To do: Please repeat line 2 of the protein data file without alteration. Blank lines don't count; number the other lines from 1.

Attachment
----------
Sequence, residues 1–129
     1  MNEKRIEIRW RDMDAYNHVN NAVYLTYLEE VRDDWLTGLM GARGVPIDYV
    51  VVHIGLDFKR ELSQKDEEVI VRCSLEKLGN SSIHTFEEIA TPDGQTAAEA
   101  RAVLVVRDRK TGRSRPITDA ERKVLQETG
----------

     1  MNEKRIEIRW RDMDAYNHVN NAVYLTYLEE VRDDWLTGLM GARGVPIDYV